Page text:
The Swiss Miss might have marched to five Grand Slam singles titles as a teen, but by the turn of the century she was being overtaken by the new generation of power players. Lindsay Davenport and the Williams sisters were the main thorns in her side, not only beating her, but wearing down her resistance and appetite for the fight. The last straw came in Melbourne in 2002. Having negotiated her way to the Australian Open final, she led Jennifer Capriati by a set and 4-0 and held four match points before succumbing yet again to a big-hitter. Demoralised and facing the ignominy of also-ran status on the WTA Tour, the ankle and foot injuries provided a convenient excuse for retirement.
In the mid-2000s, a window opened on the women’s tour. Venus and Serena were inconsistent, Justine Henin’s health was in question, and many big titles were being won by unthreatening players such as Anastasia Myskina. Hingis took advantage. Her 2006 comeback year brought trophies in Rome and Kolkata, as well as wins over Davenport, Venus and Maria Sharapova, and she reclaimed a place in the top ten. It wasn’t exactly 1997 again, but it did seem possible that, given a favorable draw and some luck, she could get her hands on another piece of Grand Slam silverware.
But aside from a quarter-final showing at the Australian Open and a title in Tokyo, her 2007 was mediocre. A hip injury and various other niggles didn’t help, but the strain of playing full-time and facing ever-younger, ever-stronger opponents took its toll on Hingis. By the time she announced the drug test result in November of that year, she had fallen to 18th in the rankings. For a second time, off-court circumstances masked the fact that she could no longer compete at the highest level.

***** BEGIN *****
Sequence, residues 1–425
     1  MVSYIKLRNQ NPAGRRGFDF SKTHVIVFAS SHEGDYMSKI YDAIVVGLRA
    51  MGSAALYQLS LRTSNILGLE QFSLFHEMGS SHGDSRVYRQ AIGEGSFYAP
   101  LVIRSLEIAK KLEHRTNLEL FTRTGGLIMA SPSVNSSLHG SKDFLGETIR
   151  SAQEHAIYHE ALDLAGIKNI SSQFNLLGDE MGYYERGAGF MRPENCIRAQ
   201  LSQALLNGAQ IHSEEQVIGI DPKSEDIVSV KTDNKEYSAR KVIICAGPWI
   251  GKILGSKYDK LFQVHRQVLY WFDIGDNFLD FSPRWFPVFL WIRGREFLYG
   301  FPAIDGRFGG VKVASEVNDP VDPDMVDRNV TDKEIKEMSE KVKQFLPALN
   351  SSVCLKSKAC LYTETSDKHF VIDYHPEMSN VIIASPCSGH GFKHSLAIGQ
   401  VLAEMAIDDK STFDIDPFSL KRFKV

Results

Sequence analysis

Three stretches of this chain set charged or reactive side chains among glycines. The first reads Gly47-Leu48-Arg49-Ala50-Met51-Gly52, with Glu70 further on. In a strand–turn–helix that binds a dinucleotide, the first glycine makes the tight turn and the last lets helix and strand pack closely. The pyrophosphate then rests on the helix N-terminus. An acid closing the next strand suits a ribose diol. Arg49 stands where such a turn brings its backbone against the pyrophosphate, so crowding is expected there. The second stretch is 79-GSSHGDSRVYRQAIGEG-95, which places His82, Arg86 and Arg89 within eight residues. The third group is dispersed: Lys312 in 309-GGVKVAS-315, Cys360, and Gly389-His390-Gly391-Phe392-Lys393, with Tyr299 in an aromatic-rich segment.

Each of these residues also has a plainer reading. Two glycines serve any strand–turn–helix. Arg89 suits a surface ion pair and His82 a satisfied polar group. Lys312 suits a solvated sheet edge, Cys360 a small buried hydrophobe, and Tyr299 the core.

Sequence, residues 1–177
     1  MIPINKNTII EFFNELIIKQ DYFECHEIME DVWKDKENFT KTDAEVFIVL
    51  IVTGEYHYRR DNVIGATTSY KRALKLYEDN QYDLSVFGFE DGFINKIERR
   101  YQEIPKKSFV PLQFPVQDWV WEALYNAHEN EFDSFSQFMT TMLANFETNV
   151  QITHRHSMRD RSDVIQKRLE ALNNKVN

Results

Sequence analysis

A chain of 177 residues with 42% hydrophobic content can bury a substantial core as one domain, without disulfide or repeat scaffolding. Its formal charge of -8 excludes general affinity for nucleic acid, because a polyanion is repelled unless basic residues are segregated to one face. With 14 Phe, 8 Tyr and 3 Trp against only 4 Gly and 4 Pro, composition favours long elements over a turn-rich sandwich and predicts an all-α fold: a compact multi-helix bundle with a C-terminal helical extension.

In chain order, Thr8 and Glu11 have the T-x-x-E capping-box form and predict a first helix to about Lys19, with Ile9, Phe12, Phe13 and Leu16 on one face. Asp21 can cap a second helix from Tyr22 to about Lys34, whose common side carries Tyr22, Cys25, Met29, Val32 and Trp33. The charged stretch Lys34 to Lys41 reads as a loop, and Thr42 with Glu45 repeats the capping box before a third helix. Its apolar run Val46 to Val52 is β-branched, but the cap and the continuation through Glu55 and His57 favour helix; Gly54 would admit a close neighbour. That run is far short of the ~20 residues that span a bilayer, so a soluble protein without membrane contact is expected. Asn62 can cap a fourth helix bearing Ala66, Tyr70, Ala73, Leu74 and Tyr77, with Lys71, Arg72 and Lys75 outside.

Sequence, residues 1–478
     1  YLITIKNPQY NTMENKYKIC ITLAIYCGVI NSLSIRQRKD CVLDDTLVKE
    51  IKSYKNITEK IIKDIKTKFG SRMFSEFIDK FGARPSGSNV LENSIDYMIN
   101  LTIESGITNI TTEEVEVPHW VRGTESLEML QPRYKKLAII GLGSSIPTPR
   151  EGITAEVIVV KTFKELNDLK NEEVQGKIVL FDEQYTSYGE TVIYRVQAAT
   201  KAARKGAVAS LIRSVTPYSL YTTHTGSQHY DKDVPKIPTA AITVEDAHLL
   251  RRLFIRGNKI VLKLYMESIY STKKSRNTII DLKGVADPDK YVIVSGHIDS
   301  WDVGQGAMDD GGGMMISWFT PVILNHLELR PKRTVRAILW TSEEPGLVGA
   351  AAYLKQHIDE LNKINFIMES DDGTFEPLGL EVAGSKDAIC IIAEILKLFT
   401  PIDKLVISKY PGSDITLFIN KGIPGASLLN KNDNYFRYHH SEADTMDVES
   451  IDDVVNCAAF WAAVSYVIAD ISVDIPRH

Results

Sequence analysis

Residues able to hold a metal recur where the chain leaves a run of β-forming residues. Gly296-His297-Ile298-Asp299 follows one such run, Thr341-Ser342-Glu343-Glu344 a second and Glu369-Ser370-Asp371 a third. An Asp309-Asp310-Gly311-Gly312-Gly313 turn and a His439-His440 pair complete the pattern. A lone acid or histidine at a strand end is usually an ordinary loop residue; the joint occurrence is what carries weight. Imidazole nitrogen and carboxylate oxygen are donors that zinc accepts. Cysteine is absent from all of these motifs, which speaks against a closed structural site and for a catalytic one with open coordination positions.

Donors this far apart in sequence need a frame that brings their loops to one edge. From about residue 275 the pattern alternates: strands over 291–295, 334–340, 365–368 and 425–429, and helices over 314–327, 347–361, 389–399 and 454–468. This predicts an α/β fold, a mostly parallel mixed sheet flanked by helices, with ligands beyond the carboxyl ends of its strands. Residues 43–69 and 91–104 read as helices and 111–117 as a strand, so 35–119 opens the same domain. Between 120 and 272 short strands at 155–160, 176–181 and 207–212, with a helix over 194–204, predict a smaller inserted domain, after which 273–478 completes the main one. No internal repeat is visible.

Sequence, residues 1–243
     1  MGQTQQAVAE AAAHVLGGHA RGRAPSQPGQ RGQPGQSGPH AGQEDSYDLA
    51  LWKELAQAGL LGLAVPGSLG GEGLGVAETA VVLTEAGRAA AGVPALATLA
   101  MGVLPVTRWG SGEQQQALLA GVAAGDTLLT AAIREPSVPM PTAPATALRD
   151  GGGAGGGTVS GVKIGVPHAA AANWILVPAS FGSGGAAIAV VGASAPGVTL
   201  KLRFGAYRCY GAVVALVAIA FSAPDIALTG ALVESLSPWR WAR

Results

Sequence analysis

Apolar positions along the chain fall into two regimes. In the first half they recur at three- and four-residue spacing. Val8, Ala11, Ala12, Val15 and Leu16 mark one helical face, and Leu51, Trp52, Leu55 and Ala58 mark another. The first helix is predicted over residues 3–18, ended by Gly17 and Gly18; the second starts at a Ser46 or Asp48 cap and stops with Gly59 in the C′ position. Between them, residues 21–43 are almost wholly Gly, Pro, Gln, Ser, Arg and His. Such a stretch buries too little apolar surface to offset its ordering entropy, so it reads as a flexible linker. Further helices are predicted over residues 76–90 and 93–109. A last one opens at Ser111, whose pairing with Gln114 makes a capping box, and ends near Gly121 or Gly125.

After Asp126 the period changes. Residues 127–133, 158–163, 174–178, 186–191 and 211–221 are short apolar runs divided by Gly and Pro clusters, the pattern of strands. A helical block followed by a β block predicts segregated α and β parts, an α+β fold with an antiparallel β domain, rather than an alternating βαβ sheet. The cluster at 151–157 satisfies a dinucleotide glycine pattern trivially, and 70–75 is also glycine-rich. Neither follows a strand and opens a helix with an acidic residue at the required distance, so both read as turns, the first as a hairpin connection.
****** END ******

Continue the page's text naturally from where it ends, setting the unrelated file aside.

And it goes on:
If Hingis is considering another singles comeback in 2013, the timing seems less than propitious. The WTA Tour is as stable at the top as it has been in years. Serena Williams, Victoria Azarenka and Maria Sharapova have won six of the last seven Grand Slams, and win the vast majority of the other big tournaments. The achievements of world number four Agnieszka Radwanska, similar in style and stature to Hingis, suggest that there is still a place for imaginative counterpunchers in the women’s game. Yet the Pole has worked tirelessly to get to where she is, much harder than Hingis ever had to in her prime.
Of course, Hingis might have absolutely no intention of a singles comeback 2.0. Famously smart, she will be well aware of what it takes to thrive in women’s tennis these days. There may be more thirty-something players at the top than ever before, but none of them got there without enduring the constant grind of workouts, training, and travelling. Reentering that world would be an incredibly brave move for a player who lacked the stomach for the fight in 2002 and 2007.
Fans will relish the chance to see Martina Hingis back in doubles action, and she has a realistic shot at the US Open title if she and Hantuchova gel and build momentum this summer. But doubles is definitely her best route to a final tennis triumph; an against-the-odds return to the singles court would almost certainly be anticlimactic. Few people, least of all Hingis herself, want to see her lose in Linz when she once wowed Wimbledon.